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Alan Yang created Netflix’s ‘Master of None’ and ‘Tigertail.’ His secret? Push yourself until you want to quit

The writer, director, and producer propels his craft to the point where he doesn’t want to do it anymore—and you should be doing the same.

Alan Yang created Netflix’s ‘Master of None’ and ‘Tigertail.’ His secret? Push yourself until you want to quit
[Photo: Gary Gershoff/Getty Images]

Listen to the latest episode of Fast Company’s podcast Creative Conversation on Apple Podcasts, Spotify, RadioPublic, Google Play, or Stitcher.

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As a writer, producer, and director, Alan Yang has worked on hit shows including Parks and Recreation, The Good Place, Little America, Forever, and Master of None. While the end results have led to an Emmy win and heaps of critical accolades, getting there is always a process.

“I think there’s a point relatively early on in almost everything where I’m like, ‘Should I just quit this?'” Yang says in the latest episode of Fast Company‘s podcast Creative Conversation.

There are classic production hurdles such as figuring out how to build Uganda in New Jersey (Little America), but what Yang has been honing over the years is new approaches to storytelling.

Take, for example, Master of None‘s “New, I Love You” bottle episode, or the nearly five-minute shot of Dev (Aziz Ansari) by himself in the back of a cab of “The Dinner Party” episode while Soft Cell’s “Say Hello, Wave Goodbye” plays in the background. There’s also the entire series of Forever that could only be described as experimental, with episodes having nearly zero dialogue or spanning 60 years in 30 minutes.

“You should be surprising yourself. You should be challenging yourself,” Yang says. “Playing within the bounds of what everything you’ve seen before has done, you can get somewhere with that. But I feel like it’s most exciting when you can show people something new and really surprise them.”

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In this episode of Creative Conversation, Yang explains . . .

. . . why being creative isn’t something you hope for—you have to put a priority on it

“You make it a mission to say, ‘I want to make something that feels fresh, that feels original, that feels like something I’ve never seen before.’ And if you can do that in a way that also feels compelling and propulsive, then you’re really onto something.”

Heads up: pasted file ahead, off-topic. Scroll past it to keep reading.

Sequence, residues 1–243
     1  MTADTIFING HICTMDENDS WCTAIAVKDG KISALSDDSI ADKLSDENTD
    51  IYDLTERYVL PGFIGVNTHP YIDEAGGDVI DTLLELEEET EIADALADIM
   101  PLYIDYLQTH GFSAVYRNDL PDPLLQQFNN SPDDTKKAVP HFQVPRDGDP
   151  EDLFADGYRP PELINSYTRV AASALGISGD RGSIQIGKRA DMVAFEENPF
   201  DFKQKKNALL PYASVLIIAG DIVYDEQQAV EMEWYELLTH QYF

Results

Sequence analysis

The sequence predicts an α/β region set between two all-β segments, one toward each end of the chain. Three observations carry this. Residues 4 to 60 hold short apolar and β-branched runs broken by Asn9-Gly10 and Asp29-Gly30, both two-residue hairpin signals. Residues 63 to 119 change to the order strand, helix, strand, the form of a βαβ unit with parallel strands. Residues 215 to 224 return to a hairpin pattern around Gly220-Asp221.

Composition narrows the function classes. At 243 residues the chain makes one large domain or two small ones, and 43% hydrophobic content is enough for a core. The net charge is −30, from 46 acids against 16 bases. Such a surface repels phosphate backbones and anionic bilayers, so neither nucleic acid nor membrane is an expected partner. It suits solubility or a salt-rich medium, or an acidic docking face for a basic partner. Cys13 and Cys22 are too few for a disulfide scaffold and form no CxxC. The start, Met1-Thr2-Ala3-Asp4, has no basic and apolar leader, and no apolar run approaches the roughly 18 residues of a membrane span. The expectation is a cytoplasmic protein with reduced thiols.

. . . how getting rejected by Jay Leno was a necessary wake-up call

“Some of my friends moved down and got jobs immediately. But I think for the vast majority of people, it takes a little bit of time to get your footing and get your bearings and meet the right people. But really all you should be doing at that point is just working and writing and writing and writing and writing your one million bad scripts so you can get one decent one.”

. . . why his Netflix movie Tigertail was a surprising lesson in leadership

“When someone tells you that all of the shoot days are useless, that is a time when it probably is natural to yell and scream and blame someone and throw your phone and start firing people, frankly. I treated it with as much calm as I could and said, ‘How do we cross the next bridge?'”

Listen to the latest episode of Fast Company’s podcast Creative Conversation on Apple Podcasts, Spotify, RadioPublic, Google Play, or Stitcher.

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About the author

KC covers entertainment and pop culture for Fast Company. Previously, KC was part of the Emmy Award-winning team at "Good Morning America," where he was the social media producer.

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